Note: Spycar is a suite of tools (about 25 small programs) designed to test the behavior-based defenses of an anti-spyware tool...mimic malware-like behavior in a benign form. Each program engages in some type of behavior normally associated with malware...it will add favorites to Internet Explorer or add a file and change the registry so that the file is launched at start-up. After testing is complete, the software will undo all of the changes it made.
Note: The EICAR test file is not malware, nor was it created by malware authors. The EICAR test file was created by Eddy Willems, a board member of EICAR (European Institute for Computer Anti-Virus Research)/
* VT results for strict interpretation (68 bytes)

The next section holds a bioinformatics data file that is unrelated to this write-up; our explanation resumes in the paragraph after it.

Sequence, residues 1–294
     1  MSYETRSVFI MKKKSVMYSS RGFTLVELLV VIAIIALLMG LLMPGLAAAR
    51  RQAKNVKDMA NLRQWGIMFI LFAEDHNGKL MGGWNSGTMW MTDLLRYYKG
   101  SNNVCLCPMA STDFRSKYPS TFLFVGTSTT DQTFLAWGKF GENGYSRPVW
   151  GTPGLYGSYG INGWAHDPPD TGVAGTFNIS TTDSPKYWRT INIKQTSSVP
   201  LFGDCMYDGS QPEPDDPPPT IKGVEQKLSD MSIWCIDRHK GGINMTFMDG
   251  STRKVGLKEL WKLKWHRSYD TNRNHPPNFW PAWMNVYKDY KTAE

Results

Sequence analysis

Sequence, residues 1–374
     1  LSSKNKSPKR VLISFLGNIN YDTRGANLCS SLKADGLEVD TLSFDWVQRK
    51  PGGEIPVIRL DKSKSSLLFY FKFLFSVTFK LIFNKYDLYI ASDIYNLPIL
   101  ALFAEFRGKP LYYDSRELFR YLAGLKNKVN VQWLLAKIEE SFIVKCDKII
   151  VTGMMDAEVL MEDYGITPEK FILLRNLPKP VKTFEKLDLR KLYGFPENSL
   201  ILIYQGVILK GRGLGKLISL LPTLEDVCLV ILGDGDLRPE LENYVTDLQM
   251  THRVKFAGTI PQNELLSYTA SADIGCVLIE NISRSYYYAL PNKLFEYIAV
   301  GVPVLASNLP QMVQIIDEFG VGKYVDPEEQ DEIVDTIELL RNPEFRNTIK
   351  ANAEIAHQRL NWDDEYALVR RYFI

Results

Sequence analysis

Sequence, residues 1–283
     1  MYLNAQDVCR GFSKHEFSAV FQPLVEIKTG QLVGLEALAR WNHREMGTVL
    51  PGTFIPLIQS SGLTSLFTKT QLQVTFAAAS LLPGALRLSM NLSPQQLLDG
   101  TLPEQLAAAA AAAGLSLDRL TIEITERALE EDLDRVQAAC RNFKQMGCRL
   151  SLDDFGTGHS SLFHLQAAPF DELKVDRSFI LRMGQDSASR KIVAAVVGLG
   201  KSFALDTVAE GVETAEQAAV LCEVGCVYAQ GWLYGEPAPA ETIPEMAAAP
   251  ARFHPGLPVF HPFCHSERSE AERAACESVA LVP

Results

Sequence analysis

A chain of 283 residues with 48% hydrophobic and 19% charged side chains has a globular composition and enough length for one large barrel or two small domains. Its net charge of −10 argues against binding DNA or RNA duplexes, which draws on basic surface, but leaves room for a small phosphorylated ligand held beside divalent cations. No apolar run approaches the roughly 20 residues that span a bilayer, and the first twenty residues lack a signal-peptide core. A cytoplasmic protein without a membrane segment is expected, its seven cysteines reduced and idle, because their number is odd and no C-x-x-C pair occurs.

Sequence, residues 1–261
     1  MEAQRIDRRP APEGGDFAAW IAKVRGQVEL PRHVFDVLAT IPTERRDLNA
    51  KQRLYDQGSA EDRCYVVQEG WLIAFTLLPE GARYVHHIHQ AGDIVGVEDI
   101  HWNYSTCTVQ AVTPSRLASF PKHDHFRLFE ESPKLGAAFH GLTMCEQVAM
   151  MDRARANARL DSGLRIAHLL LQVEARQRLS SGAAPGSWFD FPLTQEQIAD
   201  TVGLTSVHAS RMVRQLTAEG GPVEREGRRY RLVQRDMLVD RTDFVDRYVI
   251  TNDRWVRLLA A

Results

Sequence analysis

* VT results for whitespace interpretation (70 bytes: 68 bytes + CR NL)
You can also create your own Eicar test file by opening Notepad (or other text editor), copy and paste the following string of characters in the code box below into a new text file, and then saving it.
Your anti-virus program should promptly detect the file as an actual virus, alert you and remove it.
Eicar: Anti-Malware Testfile
Using real viruses for testing in the real world is rather like setting fire to the dustbin in your office to see whether the smoke detector is working. Such a test will give meaningful results, but with unappealing, unacceptable risks.
Before anything a general warning, never try to test/try out malware samples if you don't know what you're doing! The risk of inadvertently infecting another computer or a host computer is always present.
...testing malware samples with different security products is not very productive in my opinion. You would indeed need a site that is actively dropping the infection (which is hard to find, they are usually cleaned/taken off-line as soon as the malicious behavior is observed and reported). Downloading and dropping specific files isn't the same and doesn't give a good representation of how a "real" infection enters a system.